IDEAS home Printed from
MyIDEAS: Login to save this article or follow this journal

Investments, Time Preferences, and Public Transfers Paid to Women

  • Luis Rubalcava
  • Graciela Teruel
  • Duncan Thomas

The literature suggests that men and women may have different preferences. This paper exploits a social experiment in which women in treatment households were given a large public cash transfer (PROGRESA). In an effort to disentangle the effect of additional income in the household from the effect of changing the distribution of income within the household, the impact of PROGRESA income on savings and investments decisions is compared with all other income sources (after taking into account participation in the program). Additional money in the hands of women is spent on small livestock (which are traditionally managed and cared for by women), improved nutrition, and child goods (particularly clothing). Among single-headed households, PROGRESA income is not treated differently from other income. Direct evidence on intertemporal preferences gathered in the Mexican Family Life Survey indicates that women are more patient than men when thinking about the future. Taken together, the results suggest that PROGRESA income results in a shift in the balance of power within households and that women allocated more resources toward investments in the future. (c) 2009 by The University of Chicago. All rights reserved.

If you experience problems downloading a file, check if you have the proper application to view it first. In case of further problems read the IDEAS help page. Note that these files are not on the IDEAS site. Please be patient as the files may be large.

File URL:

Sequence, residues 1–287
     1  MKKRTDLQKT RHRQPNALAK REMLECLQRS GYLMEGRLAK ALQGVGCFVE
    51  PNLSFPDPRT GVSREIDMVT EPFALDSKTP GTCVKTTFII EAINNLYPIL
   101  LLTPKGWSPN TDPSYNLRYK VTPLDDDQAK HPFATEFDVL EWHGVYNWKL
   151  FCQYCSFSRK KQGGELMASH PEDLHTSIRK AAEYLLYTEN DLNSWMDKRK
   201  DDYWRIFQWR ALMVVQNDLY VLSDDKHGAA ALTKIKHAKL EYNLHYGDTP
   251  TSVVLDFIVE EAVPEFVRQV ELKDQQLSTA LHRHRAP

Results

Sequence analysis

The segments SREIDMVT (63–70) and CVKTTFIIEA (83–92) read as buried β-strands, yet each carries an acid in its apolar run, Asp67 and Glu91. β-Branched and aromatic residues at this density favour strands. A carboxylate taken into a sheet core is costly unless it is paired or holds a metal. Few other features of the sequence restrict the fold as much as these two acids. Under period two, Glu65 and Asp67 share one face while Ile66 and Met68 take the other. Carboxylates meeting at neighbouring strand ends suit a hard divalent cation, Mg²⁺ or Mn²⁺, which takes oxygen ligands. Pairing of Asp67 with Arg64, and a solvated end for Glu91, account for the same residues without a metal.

File Function: link to full text
Download Restriction: Access to full text is restricted to subscribers.

As the access to this document is restricted, you may want to look for a different version under "Related research" (further below) or search for a different version of it.

Article provided by University of Chicago Press in its journal Economic Development and Cultural Change.

Volume (Year): 57 (2009)
Issue (Month): 3 (04)
Pages: 507-538

in new window

Handle: RePEc:ucp:ecdecc:v:57:y:2009:i:3:p:507-538
Contact details of provider: Web page:

No references listed on IDEAS
You can help add them by filling out this form.

This item is not listed on Wikipedia, on a reading list or among the top items on IDEAS.

When requesting a correction, please mention this item's handle: RePEc:ucp:ecdecc:v:57:y:2009:i:3:p:507-538. See general information about how to correct material in RePEc.

For technical questions regarding this item, or to correct its authors, title, abstract, bibliographic or download information, contact: (Journals Division)

If you have authored this item and are not yet registered with RePEc, we encourage you to do it here. This allows to link your profile to this item. It also allows you to accept potential citations to this item that we are uncertain about.

If references are entirely missing, you can add them using this form.

If the full references list an item that is present in RePEc, but the system did not link to it, you can help with this form.

If you know of missing items citing this one, you can help us creating those links by adding the relevant references in the same way as above, for each refering item. If you are a registered author of this item, you may also want to check the "citations" tab in your profile, as there may be some citations waiting for confirmation.

Please note that corrections may take a couple of weeks to filter through the various RePEc services.

This information is provided to you by IDEAS at the Research Division of the Federal Reserve Bank of St. Louis using RePEc data.